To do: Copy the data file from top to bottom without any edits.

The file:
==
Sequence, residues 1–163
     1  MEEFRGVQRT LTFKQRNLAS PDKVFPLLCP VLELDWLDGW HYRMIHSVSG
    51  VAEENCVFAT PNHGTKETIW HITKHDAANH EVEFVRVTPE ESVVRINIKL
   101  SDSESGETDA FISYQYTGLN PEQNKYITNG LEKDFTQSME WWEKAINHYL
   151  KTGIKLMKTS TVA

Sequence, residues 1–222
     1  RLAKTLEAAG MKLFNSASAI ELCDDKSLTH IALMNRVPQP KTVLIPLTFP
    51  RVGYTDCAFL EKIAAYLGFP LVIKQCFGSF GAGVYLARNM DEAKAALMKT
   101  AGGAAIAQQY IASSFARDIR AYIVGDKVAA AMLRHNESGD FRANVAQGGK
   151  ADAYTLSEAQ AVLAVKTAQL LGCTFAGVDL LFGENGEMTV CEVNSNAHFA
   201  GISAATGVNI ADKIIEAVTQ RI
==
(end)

Sequence, residues 1–163
     1  MEEFRGVQRT LTFKQRNLAS PDKVFPLLCP VLELDWLDGW HYRMIHSVSG
    51  VAEENCVFAT PNHGTKETIW HITKHDAANH EVEFVRVTPE ESVVRINIKL
   101  SDSESGETDA FISYQYTGLN PEQNKYITNG LEKDFTQSME WWEKAINHYL
   151  KTGIKLMKTS TVA

Sequence, residues 1–222
     1  RLAKTLEAAG MKLFNSASAI ELCDDKSLTH IALMNRVPQP KTVLIPLTFP
    51  RVGYTDCAFL EKIAAYLGFP LVIKQCFGSF GAGVYLARNM DEAKAALMKT
   101  AGGAAIAQQY IASSFARDIR AYIVGDKVAA AMLRHNESGD FRANVAQGGK
   151  ADAYTLSEAQ AVLAVKTAQL LGCTFAGVDL LFGENGEMTV CEVNSNAHFA
   201  GISAATGVNI ADKIIEAVTQ RI